Officials, lawmakers: Revenue ‘shifts’ being done for wrong reason | NevadaAppeal.com

Officials, lawmakers: Revenue ‘shifts’ being done for wrong reason

Nevada League of Cities & Municipalities Executive Director Dave Fraser testifies in a committee hearing on Thursday, Feb. 17, 2011 at the Legislature in Carson City, Nev. Representatives from Nevada's counties and cities told lawmakers they are facing the hardest year in recent memory due to the decline in property tax revenue. Mark Vincent, chief financial officer for the City of Las Vegas, is at left. (AP Photo/Cathleen Allison)
AP | FR70203 AP

County officials say Gov. Brian Sandoval is balancing his budget on their backs by shifting programs and costs to them without having the discussion about who should do what and how it should be paid for.

Sandoval’s budget would move some $117.2 million in costs from the state to local governments, either by making them pay for programs now operated by the state or ordering the counties to take over state run programs.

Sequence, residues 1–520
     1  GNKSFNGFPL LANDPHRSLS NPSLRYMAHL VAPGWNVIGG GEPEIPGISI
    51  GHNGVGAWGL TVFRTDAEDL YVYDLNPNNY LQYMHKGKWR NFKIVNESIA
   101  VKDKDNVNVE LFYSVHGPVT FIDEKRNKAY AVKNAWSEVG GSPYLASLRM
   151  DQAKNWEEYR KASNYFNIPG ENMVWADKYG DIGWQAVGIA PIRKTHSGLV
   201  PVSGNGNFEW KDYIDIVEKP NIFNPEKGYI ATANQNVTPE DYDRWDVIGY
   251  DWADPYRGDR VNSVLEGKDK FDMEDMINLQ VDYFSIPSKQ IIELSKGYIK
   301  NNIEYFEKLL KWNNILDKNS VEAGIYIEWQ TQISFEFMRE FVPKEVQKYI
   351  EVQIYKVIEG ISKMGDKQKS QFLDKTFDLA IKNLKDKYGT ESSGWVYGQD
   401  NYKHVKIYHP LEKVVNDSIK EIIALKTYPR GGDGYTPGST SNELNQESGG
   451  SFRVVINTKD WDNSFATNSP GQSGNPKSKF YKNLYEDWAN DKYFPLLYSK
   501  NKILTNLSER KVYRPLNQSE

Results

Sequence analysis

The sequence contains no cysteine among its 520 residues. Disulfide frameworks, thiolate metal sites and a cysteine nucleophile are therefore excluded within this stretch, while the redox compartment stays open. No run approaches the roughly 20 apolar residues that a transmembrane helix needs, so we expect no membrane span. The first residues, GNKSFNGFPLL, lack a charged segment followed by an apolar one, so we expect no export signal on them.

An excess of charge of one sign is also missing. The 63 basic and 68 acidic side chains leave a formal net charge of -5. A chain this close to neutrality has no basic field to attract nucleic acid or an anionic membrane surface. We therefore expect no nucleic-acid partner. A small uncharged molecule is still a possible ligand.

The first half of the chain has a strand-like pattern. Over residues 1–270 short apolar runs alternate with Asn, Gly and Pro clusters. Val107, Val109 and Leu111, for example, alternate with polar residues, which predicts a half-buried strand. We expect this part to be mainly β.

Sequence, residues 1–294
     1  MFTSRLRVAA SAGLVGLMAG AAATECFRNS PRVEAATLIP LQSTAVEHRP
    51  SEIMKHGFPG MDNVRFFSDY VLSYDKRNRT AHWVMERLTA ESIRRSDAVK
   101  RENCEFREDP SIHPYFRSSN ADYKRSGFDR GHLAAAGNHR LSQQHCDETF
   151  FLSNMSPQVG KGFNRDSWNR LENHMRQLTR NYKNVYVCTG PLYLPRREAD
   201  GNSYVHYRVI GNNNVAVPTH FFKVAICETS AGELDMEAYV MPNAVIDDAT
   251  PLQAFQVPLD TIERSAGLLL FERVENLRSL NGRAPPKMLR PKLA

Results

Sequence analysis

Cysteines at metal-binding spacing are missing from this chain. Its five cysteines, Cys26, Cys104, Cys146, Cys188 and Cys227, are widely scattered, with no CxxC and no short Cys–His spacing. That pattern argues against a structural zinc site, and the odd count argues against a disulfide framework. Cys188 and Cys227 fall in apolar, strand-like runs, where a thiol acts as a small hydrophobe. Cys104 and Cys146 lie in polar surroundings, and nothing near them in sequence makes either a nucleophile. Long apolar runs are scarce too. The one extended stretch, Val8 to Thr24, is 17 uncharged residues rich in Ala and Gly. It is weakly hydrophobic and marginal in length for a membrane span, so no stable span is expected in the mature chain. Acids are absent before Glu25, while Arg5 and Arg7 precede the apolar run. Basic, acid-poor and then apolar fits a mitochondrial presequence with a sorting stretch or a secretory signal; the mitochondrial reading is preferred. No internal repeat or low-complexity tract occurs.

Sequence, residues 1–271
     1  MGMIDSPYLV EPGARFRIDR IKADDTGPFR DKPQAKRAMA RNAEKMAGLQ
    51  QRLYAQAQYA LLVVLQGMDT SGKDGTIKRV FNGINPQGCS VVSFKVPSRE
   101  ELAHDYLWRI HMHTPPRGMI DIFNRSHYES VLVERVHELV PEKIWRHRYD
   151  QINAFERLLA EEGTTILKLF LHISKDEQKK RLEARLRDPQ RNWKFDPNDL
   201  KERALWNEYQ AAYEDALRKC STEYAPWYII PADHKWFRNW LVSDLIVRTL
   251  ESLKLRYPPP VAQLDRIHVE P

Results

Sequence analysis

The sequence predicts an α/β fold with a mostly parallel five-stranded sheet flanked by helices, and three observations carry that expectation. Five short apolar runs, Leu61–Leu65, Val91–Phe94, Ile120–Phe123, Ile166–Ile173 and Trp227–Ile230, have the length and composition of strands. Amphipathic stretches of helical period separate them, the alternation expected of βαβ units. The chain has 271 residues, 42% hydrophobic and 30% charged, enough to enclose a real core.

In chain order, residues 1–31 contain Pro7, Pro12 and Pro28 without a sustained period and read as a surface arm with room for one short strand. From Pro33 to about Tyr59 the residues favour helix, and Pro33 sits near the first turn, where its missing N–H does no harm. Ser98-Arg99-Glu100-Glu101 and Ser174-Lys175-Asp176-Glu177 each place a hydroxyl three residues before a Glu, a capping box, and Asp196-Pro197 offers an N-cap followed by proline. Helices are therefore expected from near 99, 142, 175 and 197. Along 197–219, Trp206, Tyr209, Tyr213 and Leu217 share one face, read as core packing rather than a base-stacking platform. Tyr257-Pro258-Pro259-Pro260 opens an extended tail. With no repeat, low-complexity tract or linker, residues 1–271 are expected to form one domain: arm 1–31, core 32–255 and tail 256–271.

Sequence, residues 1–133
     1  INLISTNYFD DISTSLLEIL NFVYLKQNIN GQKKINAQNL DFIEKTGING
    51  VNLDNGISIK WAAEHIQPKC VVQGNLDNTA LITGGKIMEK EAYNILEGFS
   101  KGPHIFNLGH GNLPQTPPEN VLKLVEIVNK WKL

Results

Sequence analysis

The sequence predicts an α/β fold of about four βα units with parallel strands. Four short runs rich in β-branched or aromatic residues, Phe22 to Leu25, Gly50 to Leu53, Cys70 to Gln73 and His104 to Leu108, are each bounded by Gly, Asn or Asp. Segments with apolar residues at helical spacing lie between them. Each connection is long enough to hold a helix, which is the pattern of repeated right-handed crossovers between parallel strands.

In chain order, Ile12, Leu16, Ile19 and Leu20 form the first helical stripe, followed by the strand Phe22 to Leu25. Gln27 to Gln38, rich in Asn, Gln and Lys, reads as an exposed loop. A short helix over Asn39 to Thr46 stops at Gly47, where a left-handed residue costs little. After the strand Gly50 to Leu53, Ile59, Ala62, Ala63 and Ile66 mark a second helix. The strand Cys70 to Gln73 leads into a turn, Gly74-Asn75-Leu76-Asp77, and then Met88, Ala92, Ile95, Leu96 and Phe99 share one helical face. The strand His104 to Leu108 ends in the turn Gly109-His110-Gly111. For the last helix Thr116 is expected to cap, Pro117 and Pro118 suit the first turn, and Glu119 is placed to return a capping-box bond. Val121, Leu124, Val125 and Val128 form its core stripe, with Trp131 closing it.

“It’s not being driven by a collaborative process where the people who provide the services get together and decide how it could be done better,” said Bob Hadfield of the Nevada Association of Counties.

He and B.J. Selinder of Churchill County said the move to shift services to the local level without providing a way of funding them flies in the face of the advisory question opposing “unfunded mandates,” which he said was approved by more than 70 percent of voters in just about every Nevada county.

Both men said the governor’s plan should have started with a policy discussion ironing out how best to provide the services involved, many of which are mandated and for the disabled, mentally ill and the poor.

“We need to establish means what level of services we want and what level are we willing to pay for,” Selinder said.

Instead, Hadfield said, the decisions were driven purely by the budget shortfall.

Senate Majority Leader Steven Horsford, D-Las Vegas, agreed the discussion should begin with who should provide what services and how.